Many people in my brother’s neighborhood opted to just leave even with flood insurance. I’ll never forget what my brother said to me, along the lines of “if I can’t afford to destroy and rebuild this house completely then I’m going to move. I can’t live in this same house after seeing my baby’s toys floating around like that.” I’ve never seen him so traumatized.
There's a few memories that stick with me. The first is driving into the neighborhood after the flood water receded. The morning the flood water went down -- which was my birthday, no less -- I drove into the neighborhood and it was like nothing i'd ever seen before. It looked like a landfill. All the yards, all the streets filled with ruined trash as thousands upon thousands of people were everywhere, in the sweltering September heat, ripping stuff out. You had to park at the entrance to the neighborhood and walk in, because the streets were so filled. I don't have pictures of that, unfortunately.

The other thing that sticks with me is when we were almost done emptying out the house and pulling out the sheet rock. My mom thought the family photo albums had been in the attic and safe, but one of the very last things we found in a closet was the photo albums on the floor, they had apparently been moved years ago and got completely ruined. An entire lifetime of memories destroyed, thousands of photos lost. Things like the last pictures of my grandma and grandpa, my dad now no longer has any photos of his dad.

We saved a handful, here's what we could salvage drying in the living room the day of the clean up:



It was pretty damn heartbreaking.

There were, surprisingly, good memories too, though. I've posted about it before, but the way the community came together and helped brought us all to tears. The day of the clean up, early in the morning, this guy came to the door and asked if he could help, and we asked him to help up pull down the sheetrock. Turns out he was from west virginia, he had watched the storm on TV and said he felt an obligation to come help. So he hopped in his pick up truck and drove non stop from WV to Houston, and just looked for a church which pointed him in the direction of our neighborhood. Later on, this marine was walking around the neighborhood asking to speak to the owners of the houses. When my mom approached him, he gave her a big hug, told her he was so sorry for what had happened, grabbed her hands, and put something in her fist then walked away. When my mom opened her hands, he had put a $500 bill there; he apparently out of his own pocket gave every person in the neighborhood $500. That $500 wound up being actually super important at the time, as it totally covered the deductible for my parent's auto insurance. There was this other guy on the second day of the clean up, he was an unassuming guy who brought a bunch of boyscouts to come help. They really, really helped by pulling down a lot of the ruined, soaked up sheet rock, all for free. After the guy left, we found out he was actually a fortune 500 company owner, an insanely rich guy from river oaks, who got down and dirty with us like normal people.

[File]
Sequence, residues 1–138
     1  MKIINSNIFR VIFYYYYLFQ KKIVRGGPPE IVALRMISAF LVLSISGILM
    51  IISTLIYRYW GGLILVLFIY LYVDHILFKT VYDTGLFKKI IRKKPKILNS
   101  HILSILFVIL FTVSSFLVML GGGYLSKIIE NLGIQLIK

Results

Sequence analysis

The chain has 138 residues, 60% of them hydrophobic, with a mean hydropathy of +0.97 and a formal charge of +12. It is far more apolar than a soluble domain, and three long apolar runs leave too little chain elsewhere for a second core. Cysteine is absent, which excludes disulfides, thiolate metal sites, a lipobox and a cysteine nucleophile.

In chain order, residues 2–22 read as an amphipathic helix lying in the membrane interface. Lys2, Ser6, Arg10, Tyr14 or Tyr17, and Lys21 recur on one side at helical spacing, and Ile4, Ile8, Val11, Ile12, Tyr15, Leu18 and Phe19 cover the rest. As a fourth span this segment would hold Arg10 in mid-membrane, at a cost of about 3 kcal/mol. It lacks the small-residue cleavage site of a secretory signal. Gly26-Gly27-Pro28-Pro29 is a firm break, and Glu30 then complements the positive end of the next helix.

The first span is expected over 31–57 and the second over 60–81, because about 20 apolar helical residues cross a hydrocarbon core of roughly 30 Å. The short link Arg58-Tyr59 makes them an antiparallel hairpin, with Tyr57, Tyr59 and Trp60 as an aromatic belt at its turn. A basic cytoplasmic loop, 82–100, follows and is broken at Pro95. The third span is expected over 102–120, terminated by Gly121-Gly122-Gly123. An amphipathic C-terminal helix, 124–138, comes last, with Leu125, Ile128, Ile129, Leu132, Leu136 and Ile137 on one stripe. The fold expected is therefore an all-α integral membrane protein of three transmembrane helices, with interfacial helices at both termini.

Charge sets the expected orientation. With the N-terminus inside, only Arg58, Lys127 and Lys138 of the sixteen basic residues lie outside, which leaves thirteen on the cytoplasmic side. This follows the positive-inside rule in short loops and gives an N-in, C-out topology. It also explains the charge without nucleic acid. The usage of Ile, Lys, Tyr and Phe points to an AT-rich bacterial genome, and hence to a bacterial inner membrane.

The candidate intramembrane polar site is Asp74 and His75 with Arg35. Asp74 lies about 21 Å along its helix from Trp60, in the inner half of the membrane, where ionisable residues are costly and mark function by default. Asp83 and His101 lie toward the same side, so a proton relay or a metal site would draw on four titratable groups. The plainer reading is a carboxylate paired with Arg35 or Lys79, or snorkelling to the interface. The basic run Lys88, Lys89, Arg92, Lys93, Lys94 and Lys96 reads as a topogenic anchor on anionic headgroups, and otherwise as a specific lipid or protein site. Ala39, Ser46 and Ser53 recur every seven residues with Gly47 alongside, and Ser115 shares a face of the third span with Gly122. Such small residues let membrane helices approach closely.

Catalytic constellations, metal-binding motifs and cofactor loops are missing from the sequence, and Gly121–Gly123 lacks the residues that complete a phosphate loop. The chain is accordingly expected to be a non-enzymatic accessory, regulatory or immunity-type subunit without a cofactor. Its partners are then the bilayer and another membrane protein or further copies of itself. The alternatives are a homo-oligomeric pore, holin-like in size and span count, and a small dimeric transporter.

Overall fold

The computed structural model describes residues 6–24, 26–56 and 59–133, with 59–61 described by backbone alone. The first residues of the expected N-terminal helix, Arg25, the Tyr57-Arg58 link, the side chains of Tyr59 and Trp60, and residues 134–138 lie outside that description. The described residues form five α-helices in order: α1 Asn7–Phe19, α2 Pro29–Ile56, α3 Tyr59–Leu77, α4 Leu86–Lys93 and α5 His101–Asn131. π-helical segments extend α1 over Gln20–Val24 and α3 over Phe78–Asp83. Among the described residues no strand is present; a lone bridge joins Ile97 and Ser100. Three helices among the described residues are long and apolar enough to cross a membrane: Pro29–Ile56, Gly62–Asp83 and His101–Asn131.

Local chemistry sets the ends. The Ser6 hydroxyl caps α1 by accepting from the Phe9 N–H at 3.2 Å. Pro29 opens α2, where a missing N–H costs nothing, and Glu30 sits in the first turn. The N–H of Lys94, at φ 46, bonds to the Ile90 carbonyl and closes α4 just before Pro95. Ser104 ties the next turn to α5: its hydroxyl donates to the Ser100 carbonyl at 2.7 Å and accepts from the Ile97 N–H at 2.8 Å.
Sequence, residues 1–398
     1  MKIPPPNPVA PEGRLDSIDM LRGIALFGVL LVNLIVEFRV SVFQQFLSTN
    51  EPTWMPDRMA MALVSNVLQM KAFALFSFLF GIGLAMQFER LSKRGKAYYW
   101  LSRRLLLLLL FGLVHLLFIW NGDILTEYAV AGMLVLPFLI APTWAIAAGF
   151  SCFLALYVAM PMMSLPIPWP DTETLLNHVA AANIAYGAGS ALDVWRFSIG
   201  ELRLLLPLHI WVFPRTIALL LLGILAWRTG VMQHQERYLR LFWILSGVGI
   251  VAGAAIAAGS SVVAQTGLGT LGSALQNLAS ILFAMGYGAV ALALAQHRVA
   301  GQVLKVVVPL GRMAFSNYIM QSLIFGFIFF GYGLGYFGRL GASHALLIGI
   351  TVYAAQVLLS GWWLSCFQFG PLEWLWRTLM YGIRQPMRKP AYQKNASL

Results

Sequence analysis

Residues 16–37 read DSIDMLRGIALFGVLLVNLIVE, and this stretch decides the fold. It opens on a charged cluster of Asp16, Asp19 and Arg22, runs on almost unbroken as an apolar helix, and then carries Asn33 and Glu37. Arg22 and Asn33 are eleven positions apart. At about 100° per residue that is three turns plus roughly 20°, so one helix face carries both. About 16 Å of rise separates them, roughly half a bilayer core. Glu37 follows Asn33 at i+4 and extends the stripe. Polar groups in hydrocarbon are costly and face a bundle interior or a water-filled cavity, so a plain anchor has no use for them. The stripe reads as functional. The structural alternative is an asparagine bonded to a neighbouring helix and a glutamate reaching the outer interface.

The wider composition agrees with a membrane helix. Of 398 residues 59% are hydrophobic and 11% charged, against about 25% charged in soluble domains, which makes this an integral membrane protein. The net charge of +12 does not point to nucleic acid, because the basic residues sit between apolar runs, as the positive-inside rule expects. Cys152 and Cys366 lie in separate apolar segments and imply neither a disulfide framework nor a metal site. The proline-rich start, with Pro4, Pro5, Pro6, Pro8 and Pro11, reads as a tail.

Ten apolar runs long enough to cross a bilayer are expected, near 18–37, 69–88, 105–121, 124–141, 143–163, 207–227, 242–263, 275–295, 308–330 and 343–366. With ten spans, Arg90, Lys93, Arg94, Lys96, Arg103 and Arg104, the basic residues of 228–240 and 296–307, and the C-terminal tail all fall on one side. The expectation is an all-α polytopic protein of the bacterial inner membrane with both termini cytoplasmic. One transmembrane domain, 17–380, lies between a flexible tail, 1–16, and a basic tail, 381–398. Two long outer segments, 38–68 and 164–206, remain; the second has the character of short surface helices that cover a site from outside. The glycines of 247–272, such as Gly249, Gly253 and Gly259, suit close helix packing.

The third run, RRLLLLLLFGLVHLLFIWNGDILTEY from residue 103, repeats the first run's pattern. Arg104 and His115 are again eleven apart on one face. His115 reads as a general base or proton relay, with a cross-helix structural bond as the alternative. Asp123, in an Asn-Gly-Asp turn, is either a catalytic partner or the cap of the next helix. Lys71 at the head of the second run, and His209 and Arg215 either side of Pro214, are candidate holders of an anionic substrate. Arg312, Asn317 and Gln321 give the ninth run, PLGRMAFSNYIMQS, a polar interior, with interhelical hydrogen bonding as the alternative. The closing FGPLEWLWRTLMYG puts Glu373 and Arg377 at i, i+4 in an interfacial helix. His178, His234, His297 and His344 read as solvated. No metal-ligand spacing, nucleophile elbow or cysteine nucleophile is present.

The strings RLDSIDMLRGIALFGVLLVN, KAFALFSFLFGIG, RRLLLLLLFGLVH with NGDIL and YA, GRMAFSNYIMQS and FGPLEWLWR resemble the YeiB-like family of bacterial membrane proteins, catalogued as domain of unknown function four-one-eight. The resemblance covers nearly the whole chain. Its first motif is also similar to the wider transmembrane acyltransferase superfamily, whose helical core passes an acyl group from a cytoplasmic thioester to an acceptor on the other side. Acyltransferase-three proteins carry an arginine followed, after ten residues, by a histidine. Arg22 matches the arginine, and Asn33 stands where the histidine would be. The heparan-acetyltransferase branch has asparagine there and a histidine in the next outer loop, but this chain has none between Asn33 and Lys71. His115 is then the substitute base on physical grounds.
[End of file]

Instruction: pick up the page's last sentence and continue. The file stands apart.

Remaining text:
Lots and lots of stories of unbelievable kindness. I remember the second day of the flood, the ice cream man came into the neighborhood, and gave everybody, adult and children, free ice cream. When we'd try to pay, he'd turn our money away. There were the girl scouts, I have no idea the troop number, but every day for 2 weeks, they'd come and bring every family in the neighborhood home cooked meals. AMAZING home cooked meals. Meals that put the red cross to fucking shame. Like one day, they brought tur-duck-in dinner for everybody. Every house got a full tur-duck-in, with all the sides, mashed potatoes, yams, cranberries, stuffing, maccaroni, etc. It was like a full thanksgiving meal, one for every house. It was brought in like 10 vans, an insane amount of food, and that was just one day. There were families who would drive around in trucks with Ice and water and toilet paper and all sorts of supplies if you needed them. There is a gas station at the corner of the neighborhood entrance, and the guy who owned it was a saint. Infamous, around houston, a lot of places were gouging their prices, like best buy selling a crate of water for $100. But the corner store owner was the exact opposite, he opened his doors and told everyone that if you were a neighborhood resident, everything was free. Gas, ice, food, toiletries, he said if you needed it, please take it. He lived in the neighborhood too, and said the store was there to serve. My dad had a gas generator, which we'd use to run fans, so the free gas was a godsend. It was also remarkable because everybody seemed to know the stakes -- you'd hear people say "Oh, I don't need that, please give it to someone else who does." A type of comradere amongst strangers I'd never seen before. I heard about how in other cities, disasters like this can bring out the worst in people, but at least in my little pocket of Houston, the hurricane brought out a ton of love and beauty. Just about the only thing I CAN complain about, is that the first day after the flood, a bunch of vulturous "we buy ugly homes" people descended upon the neighborhood and tried to buy the homes for pennies on the dollar, while people were reeling. That really upset everyone. There were so many people from all around Houston helping on their own time, that this company was paying people to go around and rip off others in a time of need. Really gross.